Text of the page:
Winter's a-comin'.

Opened the window today, and there it was – the first air, the first gust of that fresh, crisp burst of cold. I love the first breeze of a new season.

Note: In two weeks, when it’s damp and miserable and I’m complaining, don’t remind me of this.

Movie review from the end of the world. And left.

We just finished watching “Sof Ha’Olam Smola” which means, “At the end of the world, and left.” It’s an Israeli saying.

The movie, in short, is about the immigrant scene in the late 60s, somewhere in the Negev; the government is desperately trying to fill the desert with people (the whole “make the dessert bloom” thing). A high class immigrant family from India ends up there amongst mostly Moroccan immigrants. Thus ensues an emotional and extremely funny journey of friendship, family, losing friends and family, cricket, and learning to cope.

What I wonder is if Israelis whose parents were not immigrants can truly get all of it. The movie was funny in its own right, but as an immigrant – and a recent one at that – there was a lot for me to appreciate, despite that my only merkaz klita (absorption center) experience was in Talpiot Mizrach.

OK, I guess Talpiot Mizrach is kind of the end of the world and then some.

Jumping in.

I made a commitment to myself that by the end of the second year of my aliyah, I’d feel comfortable enough with speaking Hebrew to ‘jump in’ and ignore the ice-cold water around me.

Look, it’s hard. I feel slightly guilty speaking to Israelis in English, but the truth is it only comes up at the office (except Israelis I don’t work closely with, I do my best) and with Israelis I’m friends with outside work (which is very few). In school I speak in Hebrew (except to Anglos, but those I can count on one or two fingers). In fact, in school I speak, listen, read, write and even think, at times, in Hebrew. With Israeli family who are not formerly Anglo, I speak in Hebrew. With any Israeli I have to make daily transactions with I speak Hebrew.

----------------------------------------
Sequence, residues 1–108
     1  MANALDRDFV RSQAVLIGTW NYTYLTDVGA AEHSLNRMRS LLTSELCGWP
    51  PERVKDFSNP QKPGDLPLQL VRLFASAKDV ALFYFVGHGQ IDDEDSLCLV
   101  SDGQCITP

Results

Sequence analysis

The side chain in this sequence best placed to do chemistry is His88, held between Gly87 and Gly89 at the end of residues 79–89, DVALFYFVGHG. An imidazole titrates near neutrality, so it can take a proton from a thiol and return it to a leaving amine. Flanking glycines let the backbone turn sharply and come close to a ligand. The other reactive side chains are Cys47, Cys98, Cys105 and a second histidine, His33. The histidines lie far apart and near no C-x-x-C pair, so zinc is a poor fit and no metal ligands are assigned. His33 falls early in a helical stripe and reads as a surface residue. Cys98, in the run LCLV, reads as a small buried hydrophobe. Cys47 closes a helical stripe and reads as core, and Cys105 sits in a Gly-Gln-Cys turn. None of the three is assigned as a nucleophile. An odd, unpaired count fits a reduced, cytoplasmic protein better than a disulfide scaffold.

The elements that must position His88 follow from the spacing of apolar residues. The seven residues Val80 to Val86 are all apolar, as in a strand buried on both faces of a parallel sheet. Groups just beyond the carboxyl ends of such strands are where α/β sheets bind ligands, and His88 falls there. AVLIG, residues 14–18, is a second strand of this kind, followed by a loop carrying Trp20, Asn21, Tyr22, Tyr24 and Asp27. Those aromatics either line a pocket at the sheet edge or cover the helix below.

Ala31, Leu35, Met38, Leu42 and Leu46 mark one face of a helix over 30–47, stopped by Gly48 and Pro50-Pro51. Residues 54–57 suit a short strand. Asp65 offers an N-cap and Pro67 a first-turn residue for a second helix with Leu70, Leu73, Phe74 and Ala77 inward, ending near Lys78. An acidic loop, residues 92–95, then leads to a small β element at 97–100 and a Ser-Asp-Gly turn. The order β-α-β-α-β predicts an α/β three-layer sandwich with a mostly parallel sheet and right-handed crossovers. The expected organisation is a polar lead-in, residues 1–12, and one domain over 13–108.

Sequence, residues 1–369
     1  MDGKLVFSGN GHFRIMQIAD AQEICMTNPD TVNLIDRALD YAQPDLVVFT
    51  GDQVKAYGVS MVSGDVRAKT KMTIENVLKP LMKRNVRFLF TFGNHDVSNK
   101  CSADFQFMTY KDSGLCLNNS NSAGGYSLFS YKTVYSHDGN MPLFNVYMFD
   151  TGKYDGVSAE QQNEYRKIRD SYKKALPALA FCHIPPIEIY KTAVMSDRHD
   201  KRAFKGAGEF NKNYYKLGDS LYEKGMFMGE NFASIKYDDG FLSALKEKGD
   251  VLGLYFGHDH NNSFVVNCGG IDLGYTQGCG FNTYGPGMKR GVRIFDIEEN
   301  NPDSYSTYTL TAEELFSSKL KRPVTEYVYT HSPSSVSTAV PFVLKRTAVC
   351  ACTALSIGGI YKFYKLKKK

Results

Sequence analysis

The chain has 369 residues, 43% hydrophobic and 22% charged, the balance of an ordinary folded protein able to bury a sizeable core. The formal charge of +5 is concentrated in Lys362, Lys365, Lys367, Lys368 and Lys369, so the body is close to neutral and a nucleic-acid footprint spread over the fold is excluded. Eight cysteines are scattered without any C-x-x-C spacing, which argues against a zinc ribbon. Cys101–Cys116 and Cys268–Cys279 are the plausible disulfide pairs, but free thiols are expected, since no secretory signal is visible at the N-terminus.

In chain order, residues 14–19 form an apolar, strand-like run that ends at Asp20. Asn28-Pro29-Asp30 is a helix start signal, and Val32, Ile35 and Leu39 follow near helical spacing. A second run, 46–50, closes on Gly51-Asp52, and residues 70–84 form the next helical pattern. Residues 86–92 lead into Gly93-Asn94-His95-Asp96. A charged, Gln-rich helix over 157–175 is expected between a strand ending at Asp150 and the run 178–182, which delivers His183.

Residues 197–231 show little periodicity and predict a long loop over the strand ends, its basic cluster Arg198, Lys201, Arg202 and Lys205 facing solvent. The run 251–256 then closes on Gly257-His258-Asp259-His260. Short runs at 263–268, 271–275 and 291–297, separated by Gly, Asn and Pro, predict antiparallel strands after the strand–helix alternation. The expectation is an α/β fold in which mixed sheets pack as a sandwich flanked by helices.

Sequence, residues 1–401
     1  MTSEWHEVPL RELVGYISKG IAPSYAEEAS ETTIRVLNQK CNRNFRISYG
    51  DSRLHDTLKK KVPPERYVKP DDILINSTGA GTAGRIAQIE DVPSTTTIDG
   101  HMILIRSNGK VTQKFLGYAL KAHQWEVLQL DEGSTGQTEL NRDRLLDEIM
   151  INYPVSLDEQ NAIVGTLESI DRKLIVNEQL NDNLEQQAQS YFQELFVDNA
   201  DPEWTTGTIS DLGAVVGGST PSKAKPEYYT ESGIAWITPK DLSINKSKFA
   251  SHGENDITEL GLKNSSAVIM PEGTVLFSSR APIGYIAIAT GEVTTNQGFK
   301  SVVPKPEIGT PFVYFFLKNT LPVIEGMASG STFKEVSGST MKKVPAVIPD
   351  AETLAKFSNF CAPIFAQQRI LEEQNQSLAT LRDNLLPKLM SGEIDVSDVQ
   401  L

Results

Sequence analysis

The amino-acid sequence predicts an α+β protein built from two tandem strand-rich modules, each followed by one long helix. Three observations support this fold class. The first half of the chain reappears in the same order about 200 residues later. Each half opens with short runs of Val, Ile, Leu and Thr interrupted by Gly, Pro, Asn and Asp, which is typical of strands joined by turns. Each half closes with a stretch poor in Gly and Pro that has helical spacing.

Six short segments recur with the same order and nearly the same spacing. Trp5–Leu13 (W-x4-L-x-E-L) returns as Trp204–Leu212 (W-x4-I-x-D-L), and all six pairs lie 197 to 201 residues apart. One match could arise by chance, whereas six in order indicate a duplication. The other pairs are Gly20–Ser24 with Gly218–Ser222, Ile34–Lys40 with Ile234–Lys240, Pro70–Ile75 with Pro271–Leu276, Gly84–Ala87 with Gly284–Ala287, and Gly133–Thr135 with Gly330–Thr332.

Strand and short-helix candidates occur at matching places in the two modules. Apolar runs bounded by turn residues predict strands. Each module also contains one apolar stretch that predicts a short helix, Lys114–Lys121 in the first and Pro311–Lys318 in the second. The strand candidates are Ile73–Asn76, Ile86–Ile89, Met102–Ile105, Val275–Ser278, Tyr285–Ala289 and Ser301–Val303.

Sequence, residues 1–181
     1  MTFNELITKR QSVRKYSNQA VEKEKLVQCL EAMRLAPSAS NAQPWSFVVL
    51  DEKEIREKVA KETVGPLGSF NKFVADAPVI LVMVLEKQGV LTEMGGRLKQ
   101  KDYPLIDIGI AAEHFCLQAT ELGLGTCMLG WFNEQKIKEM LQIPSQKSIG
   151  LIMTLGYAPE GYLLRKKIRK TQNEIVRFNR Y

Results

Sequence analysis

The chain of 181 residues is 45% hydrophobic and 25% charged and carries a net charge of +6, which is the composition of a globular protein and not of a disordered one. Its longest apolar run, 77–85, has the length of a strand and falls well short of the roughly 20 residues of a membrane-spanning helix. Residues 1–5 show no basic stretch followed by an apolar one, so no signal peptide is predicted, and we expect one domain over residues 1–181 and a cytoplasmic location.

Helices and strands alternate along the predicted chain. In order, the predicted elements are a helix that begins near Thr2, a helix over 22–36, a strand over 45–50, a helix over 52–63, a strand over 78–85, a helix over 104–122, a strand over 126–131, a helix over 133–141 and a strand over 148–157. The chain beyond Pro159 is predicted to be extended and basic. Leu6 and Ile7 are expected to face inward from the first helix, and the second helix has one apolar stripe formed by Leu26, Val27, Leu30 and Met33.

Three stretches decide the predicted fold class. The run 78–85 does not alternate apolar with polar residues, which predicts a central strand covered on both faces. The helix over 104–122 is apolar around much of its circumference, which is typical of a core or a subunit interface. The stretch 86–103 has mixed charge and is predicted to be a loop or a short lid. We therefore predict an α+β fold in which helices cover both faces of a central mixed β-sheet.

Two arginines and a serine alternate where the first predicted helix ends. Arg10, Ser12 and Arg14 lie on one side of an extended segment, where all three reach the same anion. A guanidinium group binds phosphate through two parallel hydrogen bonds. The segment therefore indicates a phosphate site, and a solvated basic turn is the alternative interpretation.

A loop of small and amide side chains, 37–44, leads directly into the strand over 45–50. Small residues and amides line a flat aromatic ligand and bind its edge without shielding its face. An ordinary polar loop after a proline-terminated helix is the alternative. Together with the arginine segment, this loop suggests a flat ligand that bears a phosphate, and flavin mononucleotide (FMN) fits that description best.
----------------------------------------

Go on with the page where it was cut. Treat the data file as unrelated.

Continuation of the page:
Casual conversation is not as free flowing as I’d like it to be, but I know if I just ‘jump in’ my self-expression will get better by the day. The problem is – obviously, since I have the skills – I’m so self conscious about it. More self conscious than I’ve ever been about anything in my whole life.

Why? Maybe because it matters so much to me. Because it’s about survival but also not necessary for survival. Maybe because I already knew the stigma is out there and I feel cut off. Maybe it’s the look that old timer Anglos give me – those who have been here longer and make a point of speaking with an Israeli accent (which actually sounds extremely crappy and is actually more frustrating than it is helpful). Which is funny, too, because I’m a self-hating Anglo myself.

Anyway. The two years are almost up; I’m starting to feel the pressures of Q4. I feel that the office may not be the place to start pushing because I feel like everyone is already looking at me. I’ll make the push outside of the office.

When I was younger, I hated the feeling of jumping into an ice-cold pool on a hot day, even though I knew it would be pleasurable. I also loved the feeling of jumping into an ice-cold pool on a hot day, even though I knew it would be painful.

That’s exactly what I feel like now.

Words are my life; expression is my health; language is my soul.

I’m so scared I’ll be bad at it, and cease to exist.

The Bar Ilan professor warp.


After a long year of dodging the language cracks –
After a hope broken into pieces by constant disappointment –
After a long, painful bureaucratic day of Israeli school –

I found my true-to-the-core university experience at Bar Ilan.

My last professor for today’s hectic schedule is the first professor at Bar Ilan that made me feel like I’m supposed to be a curious, insightful, enthusiastic student. Like I’m supposed to feel… inspired!

He laughed! He smiled! He smirked! He showed emotion! He doesn’t wear a navy blue blazer! He got excited about the books he’s teaching from and actually brought them to class to pass around for us!

Most of my professors have happened to be American so far; and somewhere in the professor-aliyah experience it seems they must become pretentious and uncaring… That they must look down at their students with eyes that read, why are you here? …and even their glaring eyes seem to be trying to perfect their Hebrew and put on a poor Israeli accent, at the risk of none of us actually being able to understand.